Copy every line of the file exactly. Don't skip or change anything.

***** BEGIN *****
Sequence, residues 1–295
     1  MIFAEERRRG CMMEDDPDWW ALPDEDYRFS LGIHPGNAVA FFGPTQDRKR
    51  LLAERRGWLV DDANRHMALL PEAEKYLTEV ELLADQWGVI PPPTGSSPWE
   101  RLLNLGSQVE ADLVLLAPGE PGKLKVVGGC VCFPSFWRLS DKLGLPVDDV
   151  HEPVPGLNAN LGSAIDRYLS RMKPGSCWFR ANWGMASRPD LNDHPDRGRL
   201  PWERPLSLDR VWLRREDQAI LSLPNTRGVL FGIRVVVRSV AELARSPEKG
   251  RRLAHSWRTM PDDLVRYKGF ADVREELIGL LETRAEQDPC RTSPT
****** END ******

Sequence, residues 1–295
     1  MIFAEERRRG CMMEDDPDWW ALPDEDYRFS LGIHPGNAVA FFGPTQDRKR
    51  LLAERRGWLV DDANRHMALL PEAEKYLTEV ELLADQWGVI PPPTGSSPWE
   101  RLLNLGSQVE ADLVLLAPGE PGKLKVVGGC VCFPSFWRLS DKLGLPVDDV
   151  HEPVPGLNAN LGSAIDRYLS RMKPGSCWFR ANWGMASRPD LNDHPDRGRL
   201  PWERPLSLDR VWLRREDQAI LSLPNTRGVL FGIRVVVRSV AELARSPEKG
   251  RRLAHSWRTM PDDLVRYKGF ADVREELIGL LETRAEQDPC RTSPT